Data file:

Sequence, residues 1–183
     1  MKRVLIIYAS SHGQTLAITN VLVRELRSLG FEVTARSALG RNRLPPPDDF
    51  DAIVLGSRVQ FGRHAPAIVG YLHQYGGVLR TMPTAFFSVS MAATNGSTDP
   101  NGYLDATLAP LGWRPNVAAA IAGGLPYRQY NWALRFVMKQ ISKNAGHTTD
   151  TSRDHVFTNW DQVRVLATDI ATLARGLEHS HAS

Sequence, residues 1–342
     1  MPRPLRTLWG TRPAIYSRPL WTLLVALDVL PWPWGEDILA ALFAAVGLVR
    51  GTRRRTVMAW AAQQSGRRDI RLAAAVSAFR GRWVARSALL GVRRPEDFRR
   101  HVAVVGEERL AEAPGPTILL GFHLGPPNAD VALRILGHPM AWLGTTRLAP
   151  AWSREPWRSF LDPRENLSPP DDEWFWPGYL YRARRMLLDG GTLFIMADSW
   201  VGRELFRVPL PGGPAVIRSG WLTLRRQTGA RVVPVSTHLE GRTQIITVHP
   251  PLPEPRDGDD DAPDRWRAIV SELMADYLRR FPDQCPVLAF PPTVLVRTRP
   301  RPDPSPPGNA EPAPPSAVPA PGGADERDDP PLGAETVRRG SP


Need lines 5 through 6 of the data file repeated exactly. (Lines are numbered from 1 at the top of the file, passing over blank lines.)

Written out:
   151  TSRDHVFTNW DQVRVLATDI ATLARGLEHS HAS

Sequence, residues 1–342